Nature-Singapore: 7. Books and pamphlets.

R.E. Holttum’s Plant Life in Malaya was my favourite reading material around the time when I was completing my high school in Raffles Institution. This was the only book available on the local plant life, published by Longmans, London in 1954. In 1973, Animal Life and Nature in Singapore was published by the Singapore University Press. Chapters were contributed by members of the Zoology Department, National University of Singapore and edited by S.H. Chuang. This was the first non-technical book on animals available then.

By then I had completed my university studies. I admired the volume and the staff of the department that made it possible. I was hoping the Botany Department would produce a volume on plant life in due course. But it was not to be. In 1977 I joined the staff of the Botany Department and only nine years later was I to realise my dream. The City and the Forest, Plant Life in Urban Singapore was authored by myself and colleague Richard Corlett, also published by the Singapore University Press.

These two books, together with the earlier Plant Life in Malaya by R.E. Holttum, published by Longmans, London in 1954, were initially the only publications available for the local nature enthusiasts.

A Colour Guide to Dangerous Plants.

On the initiative of P. Gopalakrishnakone of the Department of Anatomy, Faculty of Medicine, A Colour Guide to Dangerous Plants was published. This was followed by a modest Science Council Publication, Trees by Wee Yeow Chin, followed by a more comprehensive book, Singapore Trees by AN Rao & Wee Yeow Chin, published by the Singapore Institute of Biology. This 357-pages book covered most of our species of wayside trees, each accompanied by black and white illustrations.

The Straits Times of 6th March, 1990.

The Straits Times of 6th March, 1990 went out of its way to publicise this book with a large spread of colour pictures, proclaiming: “From today, Life! will start a new column to acquaint readers with common trees in Singapore. It will be published every last Monday of the month.”

Flower power, The Straits Times of 9th April, 1990 (part of the spread).

From around the 2000s, the National Parks Board began publishing books on plants, etc. These books were a great help to the public, after all the agency had been importing numerous new species from all over the tropics, and many people were eager to find out their names.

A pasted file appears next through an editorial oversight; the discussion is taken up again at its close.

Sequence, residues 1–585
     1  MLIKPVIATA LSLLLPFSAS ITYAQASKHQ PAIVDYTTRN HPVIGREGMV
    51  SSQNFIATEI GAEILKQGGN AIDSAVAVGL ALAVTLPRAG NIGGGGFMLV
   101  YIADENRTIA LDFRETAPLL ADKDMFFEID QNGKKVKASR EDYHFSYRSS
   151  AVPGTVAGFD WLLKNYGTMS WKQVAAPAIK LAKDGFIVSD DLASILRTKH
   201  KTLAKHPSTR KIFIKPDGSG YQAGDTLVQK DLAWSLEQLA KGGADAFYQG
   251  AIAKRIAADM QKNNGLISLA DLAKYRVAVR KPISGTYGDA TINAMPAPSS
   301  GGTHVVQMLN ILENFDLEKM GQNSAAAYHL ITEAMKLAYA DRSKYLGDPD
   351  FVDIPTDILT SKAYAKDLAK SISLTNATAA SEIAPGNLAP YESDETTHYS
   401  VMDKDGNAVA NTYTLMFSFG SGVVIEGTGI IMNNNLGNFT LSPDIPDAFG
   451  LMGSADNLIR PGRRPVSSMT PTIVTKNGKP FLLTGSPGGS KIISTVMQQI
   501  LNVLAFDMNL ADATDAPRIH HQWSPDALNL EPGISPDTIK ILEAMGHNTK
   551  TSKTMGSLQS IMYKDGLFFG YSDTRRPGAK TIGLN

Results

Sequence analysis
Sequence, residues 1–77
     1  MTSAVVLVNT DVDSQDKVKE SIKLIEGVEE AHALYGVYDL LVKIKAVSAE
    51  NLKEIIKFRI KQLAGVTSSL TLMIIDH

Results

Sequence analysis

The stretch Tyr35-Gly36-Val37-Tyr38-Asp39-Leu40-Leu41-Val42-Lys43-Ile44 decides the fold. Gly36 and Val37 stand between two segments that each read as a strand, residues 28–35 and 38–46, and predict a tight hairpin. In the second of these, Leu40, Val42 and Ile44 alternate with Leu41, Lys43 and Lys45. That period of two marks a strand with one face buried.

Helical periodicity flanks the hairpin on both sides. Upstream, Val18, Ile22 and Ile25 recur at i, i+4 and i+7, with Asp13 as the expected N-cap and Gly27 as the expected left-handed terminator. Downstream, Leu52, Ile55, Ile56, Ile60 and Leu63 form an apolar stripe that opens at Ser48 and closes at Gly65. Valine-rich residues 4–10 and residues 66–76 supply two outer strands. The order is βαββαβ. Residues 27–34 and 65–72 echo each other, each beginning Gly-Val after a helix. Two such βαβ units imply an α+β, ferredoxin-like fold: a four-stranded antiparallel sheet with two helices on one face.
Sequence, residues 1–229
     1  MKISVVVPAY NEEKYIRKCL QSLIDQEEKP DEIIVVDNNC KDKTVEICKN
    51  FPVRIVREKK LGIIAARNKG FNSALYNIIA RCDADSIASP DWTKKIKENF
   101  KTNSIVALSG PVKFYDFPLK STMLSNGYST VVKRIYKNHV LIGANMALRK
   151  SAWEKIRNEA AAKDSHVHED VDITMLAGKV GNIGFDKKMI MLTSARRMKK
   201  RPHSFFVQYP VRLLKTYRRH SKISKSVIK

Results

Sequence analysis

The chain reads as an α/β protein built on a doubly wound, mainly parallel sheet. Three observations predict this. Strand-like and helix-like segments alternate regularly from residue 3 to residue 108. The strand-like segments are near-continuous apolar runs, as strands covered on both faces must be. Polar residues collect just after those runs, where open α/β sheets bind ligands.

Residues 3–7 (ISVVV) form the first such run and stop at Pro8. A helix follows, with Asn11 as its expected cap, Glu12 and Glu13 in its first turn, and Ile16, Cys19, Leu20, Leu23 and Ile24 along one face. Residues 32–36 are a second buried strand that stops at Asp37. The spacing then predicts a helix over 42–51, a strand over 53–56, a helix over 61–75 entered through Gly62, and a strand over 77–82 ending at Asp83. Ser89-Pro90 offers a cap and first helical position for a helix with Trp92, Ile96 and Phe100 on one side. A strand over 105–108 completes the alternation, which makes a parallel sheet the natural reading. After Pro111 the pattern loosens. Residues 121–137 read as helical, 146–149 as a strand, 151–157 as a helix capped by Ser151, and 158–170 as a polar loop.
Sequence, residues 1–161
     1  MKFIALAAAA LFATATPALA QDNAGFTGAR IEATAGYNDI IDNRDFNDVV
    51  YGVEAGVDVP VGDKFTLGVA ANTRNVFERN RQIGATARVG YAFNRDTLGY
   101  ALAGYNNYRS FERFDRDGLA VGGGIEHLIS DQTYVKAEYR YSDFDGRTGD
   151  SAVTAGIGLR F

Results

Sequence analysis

NParks’ 1001 Garden Plants in Singapore.

Since 2007 the Lee Kong Chian Natural History Museum published five books on the “Private Lives” of seashore, freshwater, mangrove, rainforest and coral reefs. Each book gives an account of how the habitat managed to survive as Singapore became more and more developed through the years and how the inhabitants of each habitat live, grow, feed, mate and die within the ecosystem.

Private Lives series.

Individuals, especially photographers have also contributed nature books. These include Chew Yen Fook and Dr.  Chua Ee Kian.

The Straits Times 20th November, 1994 on Dr. Chua Ee Kian.

Chew Yen Fook, once a well-known photojournalist and always a nature enthusiast, is well known for his book, Birds in Our Midst, published in 1991. Ee Kian, a dentist by profession, has always a dual love for photography and nature. He would move around with his heavy photographic equipment, usually on Saturday nights, to seek out his subjects in the forest. His interest in nature was piqued after viewing the underwater exploits of French marine biologist Jacques Cousteau. However, his knowledge came from reading nature literature and imbibing from members of the Nature Society during field trips. His Rainforest in a City, published by National Parks Board in 1915 deals with the Bukit Timah Nature Reserve.

With all these books as well as many more not dealt with here, Singaporeans are now well provided with enough information on our local nature.


YC Wee, 26th March 2023

Follow YC Wee:

Dr Wee played a significant role as a green advocate in Singapore through his extensive involvement in various organizations and committees: as Secretary and Chairman for the Malayan Nature Society (Singapore Branch), and with the Nature Society (Singapore) as founding President (1978-1995). He has also served in the Nature Reserve Board (1987-1989), Nature Reserves Committee (1990-1996), National Council on the Environment/Singapore Environment Council (1992-1996), Work-Group on Nature Conservation (1992) and Inter-Varsity Council on the Environment (1995-1997). He is Patron of the Singapore Gardening Society and was appointed Honorary Museum Associate of the Lee Kong Chian Natural History Museum (LKCNHM) in 2012. In 2005, Dr Wee started the Bird Ecology Study Group. With more than 6,000 entries, the website has become a valuable resource consulted by students, birdwatchers and researchers locally and internationally. The views and opinions expressed in this article are his own, and do not represent those of LKCNHM, the National University of Singapore or its affiliated institutions.

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